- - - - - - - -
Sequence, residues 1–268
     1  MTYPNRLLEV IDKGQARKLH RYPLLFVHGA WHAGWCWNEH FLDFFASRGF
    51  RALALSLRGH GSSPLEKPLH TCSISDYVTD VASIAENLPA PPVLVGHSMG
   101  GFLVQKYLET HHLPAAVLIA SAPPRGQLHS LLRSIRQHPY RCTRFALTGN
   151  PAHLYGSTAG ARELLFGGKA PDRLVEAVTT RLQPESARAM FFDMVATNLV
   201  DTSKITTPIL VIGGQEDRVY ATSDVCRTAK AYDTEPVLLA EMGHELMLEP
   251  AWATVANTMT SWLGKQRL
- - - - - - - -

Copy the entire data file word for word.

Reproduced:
Sequence, residues 1–268
     1  MTYPNRLLEV IDKGQARKLH RYPLLFVHGA WHAGWCWNEH FLDFFASRGF
    51  RALALSLRGH GSSPLEKPLH TCSISDYVTD VASIAENLPA PPVLVGHSMG
   101  GFLVQKYLET HHLPAAVLIA SAPPRGQLHS LLRSIRQHPY RCTRFALTGN
   151  PAHLYGSTAG ARELLFGGKA PDRLVEAVTT RLQPESARAM FFDMVATNLV
   201  DTSKITTPIL VIGGQEDRVY ATSDVCRTAK AYDTEPVLLA EMGHELMLEP
   251  AWATVANTMT SWLGKQRL